My illness became the entirety of my identity

I believed that my new shiny diagnosis would slap a hypothetical name tag on my polyester t-shirt that read: “Hi I’m: Anorexic” and that I would finally have a clear-cut place in society. I would no longer have to hate myself for being different from the rest of my community because I could channel all the energy spent hating myself into something productive: starving. Soon, my illness became the entirety of my identity, and I wore each new hospitalization as a badge of pride on my pristine child-sized Anorexia Army Cadette uniform. I thought I had finally found my place in line, saluting to the impending misery that loomed over me.

Once again, I had no idea. I had no idea that the eating disorder treatment system in the United States seemed to be influenced by the same beauty and health standards that are linked to contributing to eating disorders themselves. I bounced back and forth between medical hospitalizations and stays at inpatient psychiatric care facilities. Now, I have enough trauma therapy in my back pocket to call some of these centers out for what they are: negligent and often abusive towards people who do not fall within lower end of the Body Mass Index (BMI). Upon extensive reading of research into this area (see below), I am of the opinion that the BMI itself was influenced by the Eugenicist and Social Darwinist movement and has been used to discriminate against minorities, particularly women of color. I believe that the BMI should not be used in medicine at all, let alone eating disorder treatment. I had no idea that as a naturally curvy woman of color, the health system would discriminate against me, and that once again, I would feel like I had no place in this world.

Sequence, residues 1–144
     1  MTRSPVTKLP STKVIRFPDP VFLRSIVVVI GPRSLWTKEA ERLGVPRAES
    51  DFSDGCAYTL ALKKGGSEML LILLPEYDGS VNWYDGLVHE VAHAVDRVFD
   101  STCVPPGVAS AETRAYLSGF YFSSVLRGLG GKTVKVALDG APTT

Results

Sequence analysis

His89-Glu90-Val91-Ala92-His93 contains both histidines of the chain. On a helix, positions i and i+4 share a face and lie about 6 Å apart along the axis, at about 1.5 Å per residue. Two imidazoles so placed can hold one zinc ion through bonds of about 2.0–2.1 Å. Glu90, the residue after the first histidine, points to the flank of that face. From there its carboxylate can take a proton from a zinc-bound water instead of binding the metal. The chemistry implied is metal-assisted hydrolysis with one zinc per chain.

Writing, especially my poems, inspired me to create a place and purpose for myself

So, after fully recovering at 17 years old in 2019, I looked back on my 13-year-old self’s writing, especially my poems, and decided to create a place and purpose for myself. The outpouring of love that swirled around in my soul produced so much warmth that my broken self began to melt back together. I began speaking out about my experiences and advocating for equitable mental health treatment through creative writing. Seeing my words printed on a page in loopy monospaced font for the entire world to read sparked more pride within me than I had previously thought possible, dare I say more pride than I ever had in my illness in the thick of my brain-washed belief that my eating disorder was all that I had going for me. I expanded my advocacy efforts beyond mental health awareness and into other areas I grew passionate about, thus growing the little space in society I created for myself.